The most-visited provincial park in Newfoundland and Labrador is closing for the rest of the year.
Located near St. John's, Butter Pot Provincial Park sustained so much damage from Leslie that shutting down for the season is the only option.
Park manager Keith Brown has been turning away campers since Tuesday when wind ripped down hundreds of trees, blocking off roadways and restricting access to campsites.
"We had to cut our way down into the park to check on campers that were down there," said Brown. "When we checked on them we actually then had to cut our way back to get back up out of the park. It was amazing."
Meanwhile, crews at Butter Pot are working to first clear the trees on the ground, then they'll start dealing with trees that Brown says could become even more dangerous if they get wet.
"This storm was by far one of the worst storms we've had ever to my knowledge at this time of the year in Butter Pot Park," said Brown.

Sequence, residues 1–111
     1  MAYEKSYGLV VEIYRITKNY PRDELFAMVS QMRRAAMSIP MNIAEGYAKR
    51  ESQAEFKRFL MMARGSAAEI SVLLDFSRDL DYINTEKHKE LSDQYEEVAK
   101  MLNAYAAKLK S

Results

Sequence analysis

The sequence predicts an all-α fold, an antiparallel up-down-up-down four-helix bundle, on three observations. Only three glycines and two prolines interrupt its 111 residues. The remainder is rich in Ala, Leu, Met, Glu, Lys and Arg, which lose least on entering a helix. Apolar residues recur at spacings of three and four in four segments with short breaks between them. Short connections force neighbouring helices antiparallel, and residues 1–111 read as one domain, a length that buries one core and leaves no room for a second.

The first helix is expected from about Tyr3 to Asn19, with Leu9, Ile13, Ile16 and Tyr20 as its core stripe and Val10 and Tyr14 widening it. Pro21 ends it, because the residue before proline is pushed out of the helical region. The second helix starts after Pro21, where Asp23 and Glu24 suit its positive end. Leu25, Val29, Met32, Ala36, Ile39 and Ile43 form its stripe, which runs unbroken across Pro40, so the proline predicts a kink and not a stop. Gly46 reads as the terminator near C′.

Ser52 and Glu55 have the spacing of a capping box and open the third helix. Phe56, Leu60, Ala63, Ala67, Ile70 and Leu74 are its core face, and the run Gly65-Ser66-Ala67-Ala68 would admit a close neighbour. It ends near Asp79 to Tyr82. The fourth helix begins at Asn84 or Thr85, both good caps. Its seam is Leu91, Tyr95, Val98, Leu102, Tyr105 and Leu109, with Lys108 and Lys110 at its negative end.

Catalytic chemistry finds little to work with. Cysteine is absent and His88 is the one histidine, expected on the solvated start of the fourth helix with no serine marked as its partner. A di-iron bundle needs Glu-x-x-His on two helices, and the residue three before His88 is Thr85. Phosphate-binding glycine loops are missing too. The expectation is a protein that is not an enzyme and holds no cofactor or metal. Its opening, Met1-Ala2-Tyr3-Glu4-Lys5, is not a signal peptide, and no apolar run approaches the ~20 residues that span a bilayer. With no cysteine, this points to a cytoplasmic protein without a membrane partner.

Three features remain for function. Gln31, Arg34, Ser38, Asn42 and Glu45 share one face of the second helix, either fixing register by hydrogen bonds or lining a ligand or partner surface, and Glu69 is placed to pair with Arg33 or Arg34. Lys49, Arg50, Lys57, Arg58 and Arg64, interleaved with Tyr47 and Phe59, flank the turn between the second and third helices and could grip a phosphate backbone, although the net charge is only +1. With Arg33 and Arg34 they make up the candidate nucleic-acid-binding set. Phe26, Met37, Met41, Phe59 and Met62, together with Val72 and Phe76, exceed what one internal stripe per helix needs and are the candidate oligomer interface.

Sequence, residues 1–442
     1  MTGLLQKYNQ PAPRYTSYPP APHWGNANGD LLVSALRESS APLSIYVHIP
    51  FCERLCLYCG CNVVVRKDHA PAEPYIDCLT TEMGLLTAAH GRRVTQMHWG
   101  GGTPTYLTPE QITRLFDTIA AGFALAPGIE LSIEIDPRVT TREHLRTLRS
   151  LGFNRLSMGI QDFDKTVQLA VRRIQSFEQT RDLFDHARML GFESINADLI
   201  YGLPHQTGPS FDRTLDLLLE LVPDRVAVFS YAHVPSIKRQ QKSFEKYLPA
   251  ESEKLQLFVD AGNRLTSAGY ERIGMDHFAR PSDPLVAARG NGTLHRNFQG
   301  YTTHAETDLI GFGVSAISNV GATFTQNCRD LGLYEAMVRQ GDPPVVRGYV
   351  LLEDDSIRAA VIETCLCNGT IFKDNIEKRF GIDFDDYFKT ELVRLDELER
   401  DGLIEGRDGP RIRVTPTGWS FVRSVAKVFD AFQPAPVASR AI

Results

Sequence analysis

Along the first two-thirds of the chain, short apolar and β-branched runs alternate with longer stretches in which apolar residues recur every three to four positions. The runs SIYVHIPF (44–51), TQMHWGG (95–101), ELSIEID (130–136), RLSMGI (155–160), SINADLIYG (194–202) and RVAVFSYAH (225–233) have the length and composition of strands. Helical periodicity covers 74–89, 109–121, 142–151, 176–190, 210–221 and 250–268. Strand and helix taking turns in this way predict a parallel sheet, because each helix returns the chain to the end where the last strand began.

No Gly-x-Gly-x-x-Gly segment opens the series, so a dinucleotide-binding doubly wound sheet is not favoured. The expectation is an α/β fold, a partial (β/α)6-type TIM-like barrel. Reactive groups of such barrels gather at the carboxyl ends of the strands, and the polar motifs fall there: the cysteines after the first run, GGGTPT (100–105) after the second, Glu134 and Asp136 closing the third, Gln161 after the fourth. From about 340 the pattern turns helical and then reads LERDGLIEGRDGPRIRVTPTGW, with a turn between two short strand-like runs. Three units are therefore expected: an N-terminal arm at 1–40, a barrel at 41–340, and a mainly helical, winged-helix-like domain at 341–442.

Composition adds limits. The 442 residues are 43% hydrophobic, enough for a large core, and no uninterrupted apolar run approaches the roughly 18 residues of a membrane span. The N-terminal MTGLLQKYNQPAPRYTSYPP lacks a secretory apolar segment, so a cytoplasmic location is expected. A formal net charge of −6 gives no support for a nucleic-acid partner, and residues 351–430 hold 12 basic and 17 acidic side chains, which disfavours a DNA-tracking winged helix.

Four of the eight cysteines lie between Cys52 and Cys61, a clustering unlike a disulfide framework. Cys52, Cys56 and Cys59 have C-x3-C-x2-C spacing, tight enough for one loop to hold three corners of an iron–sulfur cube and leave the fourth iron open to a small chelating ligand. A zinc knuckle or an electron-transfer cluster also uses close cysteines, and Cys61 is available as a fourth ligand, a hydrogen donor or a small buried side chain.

Butter Pot wasn't the only park torn apart during the storm. A blanket of damage laid out by Leslie also caused headaches for people within the city trying to enjoy the nice weather.
Parts of the trails at Rotary Sunshine Park are almost completely blocked while the Grand Concourse and Long Pond Trail also had to be closed temporarily.
According to officials, the cleanup is nothing compared to Igor which caused much more flooding and damage to walkways.
"This time it's just trees and thank God that's it," said Addison Bown, executive officer of the Grand Concourse Authority.
"But as you look around at the trees, a lot of them are dry-rotted, there's a lot of new growth coming out. So there is good in all bad so maybe it’s a good thing for us that we don't have to cut down all the dry rotted trees that are falling down."
When Igor hit Memorial University's Botanical Garden, fallen trees were used to create what they call the Igor Archway, an arched gateway set in a wooded area.
Now, they're thinking about what to create with Leslie's damage.
"Because we're resourceful, we re-use, recycle, reduce," said Anne Madden, education coordinator at the botanical garden.